Meet the Match

A Ugandan Paralympic Leader Builds a Movement

Mpindi Bumali always knew, for better or worse that he’d stand out.

Born in the large town of Masaka in central Uganda, he was one of two children in his family to contract polio as a toddler. Living with a disability in his community was far from easy. The children would tease him, and neighbors would accuse the family of being cursed by witchcraft.

“They would say, ‘How can polio affect two people in the same family?’” Mpindi recalls. “In the school and classrooms, teachers and classmates would say, ‘Don’t touch my pen or books,’ and make me sit alone. Apart from my family, no one accommodated us.”

Unrelenting, Mpindi turned his focus to academics and the arts, becoming not only one of the top students in his class but also very involved in music, dancing and drama at school. He represented the school in competitions and it helped him to feel accepted by the community.

As he got older, Mpindi continued excelling in school. In 2006, he earned his bachelor’s degree in social works and social administration from Nkumba University. By this time, he became involved in the disability movement. He began by volunteering for Uganda National Action on Physical Disability, an organization that was using sport as a tool for empowerment, and soon after started powerlifting and sitting volleyball.

In 2010, Mpindi began working with the sitting volleyball association and helped a team of women qualify for the world championships in Oklahoma. Unfortunately, the national team couldn’t attend because of a lack of financing and support from the government.

“The government didn’t understand anything about Paralympic sports,” Mpindi says. “But, other associations were impressed. The National Paralympic Committee was stagnant—there were no fees, no office space, no growth. The people wanted a change in leadership. They started pushing me to stand as president.”

Later that same year, Mpindi was elected unopposed as president, and continues to serve in that role. Over the years, he has also accumulated other positions of influence, serving as the secretary general for the Federation of East Africa Sports for People with Disabilities, and a governing board member of the Africa Paralympic Committee.

From his first day as president, Mpindi began organizing campaigns to sensitize the public to disability and mobilize people with disabilities to take part in sports. He began advocating to government about a policy that would include special needs components to P.E. classes in school, and worked with Uganda’s Ministry of Sports to include para sports in the local and national school sports competitions it organized. He also began a collaboration with Makarere University to use its accessible facilities for Paralympic athletes to train.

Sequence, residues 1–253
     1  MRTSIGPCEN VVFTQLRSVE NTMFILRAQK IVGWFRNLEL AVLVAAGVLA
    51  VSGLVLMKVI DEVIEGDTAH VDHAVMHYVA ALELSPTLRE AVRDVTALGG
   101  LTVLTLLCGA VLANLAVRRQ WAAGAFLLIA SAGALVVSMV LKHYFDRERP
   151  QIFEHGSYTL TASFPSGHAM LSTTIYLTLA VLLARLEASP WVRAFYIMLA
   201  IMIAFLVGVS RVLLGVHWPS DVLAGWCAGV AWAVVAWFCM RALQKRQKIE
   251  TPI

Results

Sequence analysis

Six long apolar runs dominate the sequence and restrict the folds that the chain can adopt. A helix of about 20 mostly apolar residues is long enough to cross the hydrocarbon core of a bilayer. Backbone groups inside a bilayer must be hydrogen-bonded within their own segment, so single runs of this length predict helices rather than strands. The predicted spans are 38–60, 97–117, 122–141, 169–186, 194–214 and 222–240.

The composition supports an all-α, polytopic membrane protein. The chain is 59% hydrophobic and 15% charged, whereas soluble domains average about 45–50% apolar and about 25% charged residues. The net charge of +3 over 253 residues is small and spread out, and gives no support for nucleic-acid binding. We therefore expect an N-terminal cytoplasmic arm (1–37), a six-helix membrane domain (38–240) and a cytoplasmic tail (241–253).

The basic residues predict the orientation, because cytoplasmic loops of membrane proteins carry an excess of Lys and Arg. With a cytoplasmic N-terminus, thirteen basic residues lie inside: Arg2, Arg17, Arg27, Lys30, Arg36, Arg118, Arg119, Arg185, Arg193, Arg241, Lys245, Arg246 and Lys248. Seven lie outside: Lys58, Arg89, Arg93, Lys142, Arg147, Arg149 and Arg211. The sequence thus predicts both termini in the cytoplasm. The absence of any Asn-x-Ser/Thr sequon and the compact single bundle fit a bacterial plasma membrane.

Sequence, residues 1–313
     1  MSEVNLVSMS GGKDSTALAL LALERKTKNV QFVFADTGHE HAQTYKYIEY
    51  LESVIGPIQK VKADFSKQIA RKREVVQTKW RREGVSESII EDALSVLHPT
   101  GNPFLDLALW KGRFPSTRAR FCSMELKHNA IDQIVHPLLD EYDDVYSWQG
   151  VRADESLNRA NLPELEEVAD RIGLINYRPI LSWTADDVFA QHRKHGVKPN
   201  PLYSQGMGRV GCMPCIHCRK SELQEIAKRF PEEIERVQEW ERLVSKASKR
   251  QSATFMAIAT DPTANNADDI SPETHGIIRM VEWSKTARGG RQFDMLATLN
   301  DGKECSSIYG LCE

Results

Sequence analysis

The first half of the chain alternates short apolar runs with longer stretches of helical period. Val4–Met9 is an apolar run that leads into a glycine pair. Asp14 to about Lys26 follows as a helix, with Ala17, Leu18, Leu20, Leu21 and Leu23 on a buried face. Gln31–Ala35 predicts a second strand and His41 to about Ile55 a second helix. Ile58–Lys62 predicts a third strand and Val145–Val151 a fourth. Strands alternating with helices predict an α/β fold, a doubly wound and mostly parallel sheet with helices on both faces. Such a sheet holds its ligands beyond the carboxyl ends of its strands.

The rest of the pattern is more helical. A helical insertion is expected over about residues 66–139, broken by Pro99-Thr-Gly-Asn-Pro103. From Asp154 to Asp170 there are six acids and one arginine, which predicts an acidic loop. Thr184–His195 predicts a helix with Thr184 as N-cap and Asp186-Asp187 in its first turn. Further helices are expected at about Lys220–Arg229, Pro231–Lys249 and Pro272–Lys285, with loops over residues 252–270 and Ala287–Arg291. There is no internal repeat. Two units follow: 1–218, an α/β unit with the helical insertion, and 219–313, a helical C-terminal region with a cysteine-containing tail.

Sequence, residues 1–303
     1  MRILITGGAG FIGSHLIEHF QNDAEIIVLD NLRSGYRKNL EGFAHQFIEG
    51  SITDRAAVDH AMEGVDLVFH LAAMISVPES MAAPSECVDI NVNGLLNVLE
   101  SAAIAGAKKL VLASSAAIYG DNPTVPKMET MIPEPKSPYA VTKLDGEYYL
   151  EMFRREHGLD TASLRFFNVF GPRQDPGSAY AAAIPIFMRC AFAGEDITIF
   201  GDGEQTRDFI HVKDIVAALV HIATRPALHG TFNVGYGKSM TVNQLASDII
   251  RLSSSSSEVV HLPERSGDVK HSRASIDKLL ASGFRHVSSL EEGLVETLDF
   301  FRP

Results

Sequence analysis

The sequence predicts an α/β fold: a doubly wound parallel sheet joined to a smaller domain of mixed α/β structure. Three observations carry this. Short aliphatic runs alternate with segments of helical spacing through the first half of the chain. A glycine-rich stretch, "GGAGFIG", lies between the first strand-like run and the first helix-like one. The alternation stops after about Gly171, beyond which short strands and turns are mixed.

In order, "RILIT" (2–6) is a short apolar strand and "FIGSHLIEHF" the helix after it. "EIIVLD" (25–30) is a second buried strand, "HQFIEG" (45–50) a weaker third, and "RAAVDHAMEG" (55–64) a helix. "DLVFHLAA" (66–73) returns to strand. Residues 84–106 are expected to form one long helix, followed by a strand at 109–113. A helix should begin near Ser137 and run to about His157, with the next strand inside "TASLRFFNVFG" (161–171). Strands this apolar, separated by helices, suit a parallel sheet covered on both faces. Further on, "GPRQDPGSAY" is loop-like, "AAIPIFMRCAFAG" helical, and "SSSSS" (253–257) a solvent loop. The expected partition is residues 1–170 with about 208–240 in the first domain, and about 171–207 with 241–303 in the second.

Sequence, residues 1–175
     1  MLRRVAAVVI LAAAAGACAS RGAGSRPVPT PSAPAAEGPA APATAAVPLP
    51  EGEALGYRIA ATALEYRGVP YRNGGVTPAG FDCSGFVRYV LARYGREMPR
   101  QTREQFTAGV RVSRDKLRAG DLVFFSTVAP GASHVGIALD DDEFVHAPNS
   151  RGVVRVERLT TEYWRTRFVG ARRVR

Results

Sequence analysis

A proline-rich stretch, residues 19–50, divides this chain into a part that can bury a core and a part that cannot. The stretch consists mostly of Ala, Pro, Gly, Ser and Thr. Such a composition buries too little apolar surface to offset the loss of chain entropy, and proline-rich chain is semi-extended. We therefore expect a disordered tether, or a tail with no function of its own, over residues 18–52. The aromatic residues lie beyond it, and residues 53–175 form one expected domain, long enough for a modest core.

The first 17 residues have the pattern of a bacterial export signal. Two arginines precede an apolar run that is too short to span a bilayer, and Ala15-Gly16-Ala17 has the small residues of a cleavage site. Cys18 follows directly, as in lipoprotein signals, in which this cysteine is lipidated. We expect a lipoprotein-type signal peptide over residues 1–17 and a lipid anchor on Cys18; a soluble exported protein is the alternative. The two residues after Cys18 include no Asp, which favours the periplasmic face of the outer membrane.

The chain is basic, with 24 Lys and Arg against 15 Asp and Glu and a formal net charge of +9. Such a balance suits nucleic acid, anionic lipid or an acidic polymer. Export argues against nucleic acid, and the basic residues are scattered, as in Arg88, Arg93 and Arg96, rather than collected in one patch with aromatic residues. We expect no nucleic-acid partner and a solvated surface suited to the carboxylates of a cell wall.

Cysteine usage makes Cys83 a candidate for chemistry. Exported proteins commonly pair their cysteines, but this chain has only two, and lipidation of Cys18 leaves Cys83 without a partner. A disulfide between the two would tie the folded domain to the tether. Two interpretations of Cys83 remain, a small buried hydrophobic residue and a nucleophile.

Mpindi’s most recent success came in partnership with the Uganda Olympic Committee, where the two committees lobbied the government to provide stipends to medal-winning athletes in international competitions.

“This achievement has changed lives of people with disabilities and has provided a source of employment,” Mpindi says. “It has restored hope and encouraged many people with disabilities to engage in sports.”

With extensive challenges affecting most areas of life for people with disabilities in Uganda, Mpindi sees sports as providing a key avenue for acquiring income that people can establish businesses and succeed away from the field. In other ways, sport has provided confidence to athletes, and this confidence then manifests itself as they lobby for their rights to education, healthcare and employment.

According to government statistics, approximately 12 percent of Ugandans, or 5.3 million, have disabilities. This population is spread across a large and mostly inaccessible country with 121 districts. Those who have disabilities must be creative and determined to thrive, as there are meager resources available to support this population, significant social discrimination, and a lack of access to quality assistive equipment, including wheelchairs.

Through his various positions, Mpindi wants to continue pushing the government to fulfill its constitutional and legal obligation to people with disabilities. He would like to work closely with the International Paralympic Committee and other development partners to run programs that can further grow the adaptive sports movement in Uganda and include more people.

“Sport is becoming a serious tool to address quite a number of issues,” Mpindi says. “It is not only in sports that we see an impact. We are addressing issues of gender and human rights. We are removing barriers that prevent inclusion. We’re continuing to advocate for different things that need changing in our society.”

As part of his participation in the U.S. Department of State Global Sports Mentoring Program, Mpindi partnered with John Register, a Paralympic medalist, prominent speaker, and associate director of community and veterans programs for the U.S. Olympic Committee. With nearly two decades in the Paralympic movement, John provided key insights for Mpindi in the areas of advocacy, collaboration with government and Paralympic partners, and how he can utilize media channels as tools for expanding the movement. Conversely, Mpindi provided a uniquely Ugandan perspective to how para sports are growing and impacting societies across Africa, as they seek to follow the U.S. example into long-term sustainability and success.

Mentor Match